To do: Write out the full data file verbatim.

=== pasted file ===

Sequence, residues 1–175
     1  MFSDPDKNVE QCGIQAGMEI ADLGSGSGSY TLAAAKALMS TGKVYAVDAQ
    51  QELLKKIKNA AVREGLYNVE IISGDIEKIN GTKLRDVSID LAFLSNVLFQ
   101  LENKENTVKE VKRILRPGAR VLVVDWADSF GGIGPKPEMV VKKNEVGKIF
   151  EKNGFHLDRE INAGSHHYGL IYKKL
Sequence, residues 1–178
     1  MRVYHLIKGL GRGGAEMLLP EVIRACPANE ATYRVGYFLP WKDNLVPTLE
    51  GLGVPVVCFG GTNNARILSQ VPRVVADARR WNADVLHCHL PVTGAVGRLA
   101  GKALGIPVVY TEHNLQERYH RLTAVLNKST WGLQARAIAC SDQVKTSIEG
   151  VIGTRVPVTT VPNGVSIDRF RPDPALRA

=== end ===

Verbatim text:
Sequence, residues 1–175
     1  MFSDPDKNVE QCGIQAGMEI ADLGSGSGSY TLAAAKALMS TGKVYAVDAQ
    51  QELLKKIKNA AVREGLYNVE IISGDIEKIN GTKLRDVSID LAFLSNVLFQ
   101  LENKENTVKE VKRILRPGAR VLVVDWADSF GGIGPKPEMV VKKNEVGKIF
   151  EKNGFHLDRE INAGSHHYGL IYKKL
Sequence, residues 1–178
     1  MRVYHLIKGL GRGGAEMLLP EVIRACPANE ATYRVGYFLP WKDNLVPTLE
    51  GLGVPVVCFG GTNNARILSQ VPRVVADARR WNADVLHCHL PVTGAVGRLA
   101  GKALGIPVVY TEHNLQERYH RLTAVLNKST WGLQARAIAC SDQVKTSIEG
   151  VIGTRVPVTT VPNGVSIDRF RPDPALRA